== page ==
I have reached the point in this summer/pandemic where I no longer wish to think about what clothes I put on my body. It is too hot, and I am too tired. Put me in a romper-style hazmat suit and let me be. Fortunately, bodysuits and other one-piece outfits require minimal brain effort and are everywhere. Among these is the exercise dress, an A-line athleisure dress usually made of nylon, spandex, or some other stretchy material. It has built in shorts and a true oxymoron of a name. One that begs the question: What do you even do in an exercise dress? Because it is absolutely not exercise.
A recent New York Times article declared this the peak time of the “exercise dress.” Exercise dress sales nearly doubled in the past year, per the Times, which isn’t hard to believe if you’ve walked outside even one (1) time. The exercise dress is everywhere: in the park, at lunch, out running errands. However, it is notably not often at the gym. As a few exercise dress aficionados told the Times that, despite its name, exercising isn’t a realistic activity in many exercise dresses. They usually provide “zero support” and often require you to wear a sports bra underneath — a clear conflict with our current “no bra” era. “I also wish there was a flap or attachment of some sort for the shorts so you don’t have to remove the entire dress while going to the bathroom,” one person said. Is there anything so humiliating as being completely naked while hovering over a public toilet?
Much like the nap dress, the exercise dress seems more for aesthetics than anything else. Why else would you pay $100 for the definitive exercise dress from Outdoor Voices? (If $100 for a new exercise dress sounds steep, you could always pay $150 for a used exercise dress on Poshmark.) Similar to yoga pants, the exercise dress has outgrown its namesake. It is bigger than other athleisure; the exercise dress is a lifestyle, a whole personality.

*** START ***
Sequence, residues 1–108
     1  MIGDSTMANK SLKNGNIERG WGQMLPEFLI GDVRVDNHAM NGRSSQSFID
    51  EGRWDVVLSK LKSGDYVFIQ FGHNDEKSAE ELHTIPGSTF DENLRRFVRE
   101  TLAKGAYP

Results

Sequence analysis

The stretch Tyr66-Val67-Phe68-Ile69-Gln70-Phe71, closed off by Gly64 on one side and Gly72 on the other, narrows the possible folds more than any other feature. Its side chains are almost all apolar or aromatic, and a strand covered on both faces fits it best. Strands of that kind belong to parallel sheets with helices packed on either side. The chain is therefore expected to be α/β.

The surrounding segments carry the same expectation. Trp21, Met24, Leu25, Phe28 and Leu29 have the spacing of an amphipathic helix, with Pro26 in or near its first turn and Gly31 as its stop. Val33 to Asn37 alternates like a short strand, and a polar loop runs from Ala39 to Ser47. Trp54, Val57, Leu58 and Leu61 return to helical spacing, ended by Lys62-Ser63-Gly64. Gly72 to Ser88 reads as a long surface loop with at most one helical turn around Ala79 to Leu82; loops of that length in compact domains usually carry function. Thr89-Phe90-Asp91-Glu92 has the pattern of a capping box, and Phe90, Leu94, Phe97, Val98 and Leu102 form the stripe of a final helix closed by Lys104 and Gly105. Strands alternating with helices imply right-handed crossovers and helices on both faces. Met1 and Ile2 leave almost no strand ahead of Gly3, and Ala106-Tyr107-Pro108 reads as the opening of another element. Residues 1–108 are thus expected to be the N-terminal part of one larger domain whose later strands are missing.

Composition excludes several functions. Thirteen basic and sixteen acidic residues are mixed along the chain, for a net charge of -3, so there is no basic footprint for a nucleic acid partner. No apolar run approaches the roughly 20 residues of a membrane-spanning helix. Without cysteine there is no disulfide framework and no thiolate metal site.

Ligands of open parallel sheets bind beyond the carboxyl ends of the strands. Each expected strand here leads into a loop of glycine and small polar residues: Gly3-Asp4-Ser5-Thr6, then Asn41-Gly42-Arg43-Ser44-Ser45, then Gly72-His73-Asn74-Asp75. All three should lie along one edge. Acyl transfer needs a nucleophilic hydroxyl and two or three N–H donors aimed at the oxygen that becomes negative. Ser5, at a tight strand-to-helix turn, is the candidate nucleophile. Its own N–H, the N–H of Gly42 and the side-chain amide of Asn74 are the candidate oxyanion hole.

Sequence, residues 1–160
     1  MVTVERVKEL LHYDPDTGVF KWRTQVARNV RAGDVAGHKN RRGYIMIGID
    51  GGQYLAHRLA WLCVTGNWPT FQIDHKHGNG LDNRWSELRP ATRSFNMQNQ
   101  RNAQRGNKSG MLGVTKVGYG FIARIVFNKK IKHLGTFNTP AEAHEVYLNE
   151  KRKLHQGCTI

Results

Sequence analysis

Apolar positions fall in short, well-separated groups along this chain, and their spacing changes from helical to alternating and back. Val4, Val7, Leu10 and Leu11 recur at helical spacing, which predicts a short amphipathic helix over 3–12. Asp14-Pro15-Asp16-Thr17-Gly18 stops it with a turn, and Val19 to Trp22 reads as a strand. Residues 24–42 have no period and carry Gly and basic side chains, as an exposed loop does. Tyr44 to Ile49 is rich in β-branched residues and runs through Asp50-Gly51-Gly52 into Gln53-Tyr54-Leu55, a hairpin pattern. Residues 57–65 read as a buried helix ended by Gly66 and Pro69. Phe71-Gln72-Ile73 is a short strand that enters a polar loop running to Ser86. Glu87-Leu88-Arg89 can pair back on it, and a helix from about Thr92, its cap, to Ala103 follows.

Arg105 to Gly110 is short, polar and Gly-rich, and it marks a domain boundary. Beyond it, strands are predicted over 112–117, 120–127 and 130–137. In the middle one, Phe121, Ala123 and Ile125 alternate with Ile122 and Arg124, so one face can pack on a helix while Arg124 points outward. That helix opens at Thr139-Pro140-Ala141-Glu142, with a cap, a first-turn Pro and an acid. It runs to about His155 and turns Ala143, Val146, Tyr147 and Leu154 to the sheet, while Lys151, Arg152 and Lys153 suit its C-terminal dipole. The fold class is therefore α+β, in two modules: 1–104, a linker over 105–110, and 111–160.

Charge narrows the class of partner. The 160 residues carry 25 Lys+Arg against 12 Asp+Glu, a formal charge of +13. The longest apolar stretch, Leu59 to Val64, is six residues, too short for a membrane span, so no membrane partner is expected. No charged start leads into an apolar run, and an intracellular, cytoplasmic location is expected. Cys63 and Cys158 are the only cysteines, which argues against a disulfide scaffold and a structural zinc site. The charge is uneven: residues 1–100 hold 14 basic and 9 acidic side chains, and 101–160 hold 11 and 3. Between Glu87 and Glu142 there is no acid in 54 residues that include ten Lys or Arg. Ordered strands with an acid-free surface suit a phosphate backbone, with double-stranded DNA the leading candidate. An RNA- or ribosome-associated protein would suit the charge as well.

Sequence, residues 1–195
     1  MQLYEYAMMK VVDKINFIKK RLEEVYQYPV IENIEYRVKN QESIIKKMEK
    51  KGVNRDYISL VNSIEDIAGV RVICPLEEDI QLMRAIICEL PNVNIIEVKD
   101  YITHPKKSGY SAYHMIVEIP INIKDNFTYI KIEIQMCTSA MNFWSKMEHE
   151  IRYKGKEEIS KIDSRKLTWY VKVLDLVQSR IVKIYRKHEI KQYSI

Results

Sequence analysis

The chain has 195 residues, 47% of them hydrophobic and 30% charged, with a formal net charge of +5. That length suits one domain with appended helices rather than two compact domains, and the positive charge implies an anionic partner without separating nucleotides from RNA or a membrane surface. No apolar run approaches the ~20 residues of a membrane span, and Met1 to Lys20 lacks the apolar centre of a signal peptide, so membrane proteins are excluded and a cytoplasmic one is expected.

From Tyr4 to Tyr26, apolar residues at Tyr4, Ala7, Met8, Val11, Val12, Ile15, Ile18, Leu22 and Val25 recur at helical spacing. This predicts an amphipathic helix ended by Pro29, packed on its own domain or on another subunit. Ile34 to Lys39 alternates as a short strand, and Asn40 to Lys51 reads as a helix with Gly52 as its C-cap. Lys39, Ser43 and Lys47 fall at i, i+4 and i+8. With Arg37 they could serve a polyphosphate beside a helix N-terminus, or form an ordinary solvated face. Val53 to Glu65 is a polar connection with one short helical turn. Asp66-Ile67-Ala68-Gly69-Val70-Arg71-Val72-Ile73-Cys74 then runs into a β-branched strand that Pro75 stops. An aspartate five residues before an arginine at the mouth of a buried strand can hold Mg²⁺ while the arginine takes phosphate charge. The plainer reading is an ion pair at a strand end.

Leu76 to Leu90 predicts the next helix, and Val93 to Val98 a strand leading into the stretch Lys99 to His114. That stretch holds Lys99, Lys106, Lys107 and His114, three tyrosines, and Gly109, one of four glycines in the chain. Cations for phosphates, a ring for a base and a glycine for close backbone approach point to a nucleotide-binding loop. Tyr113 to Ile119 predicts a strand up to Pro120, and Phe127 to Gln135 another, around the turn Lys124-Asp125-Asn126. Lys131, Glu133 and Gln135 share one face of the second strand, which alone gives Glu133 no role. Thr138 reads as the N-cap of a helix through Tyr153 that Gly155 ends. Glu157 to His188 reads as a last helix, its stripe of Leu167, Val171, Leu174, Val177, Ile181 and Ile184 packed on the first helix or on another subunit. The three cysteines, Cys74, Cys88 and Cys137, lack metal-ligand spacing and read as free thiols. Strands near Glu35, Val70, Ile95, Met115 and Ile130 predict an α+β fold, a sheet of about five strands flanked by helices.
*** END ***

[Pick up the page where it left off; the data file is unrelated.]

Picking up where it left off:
Part of me thinks the exercise dress is a glorified swimsuit dress. It has unmistakable “mom at the pool” energy, which I mean as a compliment. If you wear an exercise dress, I will assume you know CPR. Some other activities that suit the exercise dress:
- Grocery shopping with an overloaded shopping basket when you should have gotten a cart
- Going on someone else’s boat
- Working from home (exercise dresses should be a work expense!)
- Walking your dog, but only if your dog, like mine, demands to be carried halfway through every walk
- Getting the mail in something other than your pajamas
- Honestly, anything that isn’t mildly intense exercise
Maybe the name comes from the fact that the exercise dress is made of the kind of material that makes putting it on feel like a workout? Regardless, the dress looks cute to me, and I will probably buy one to have something new to wear while I watch Love Island and sit very still.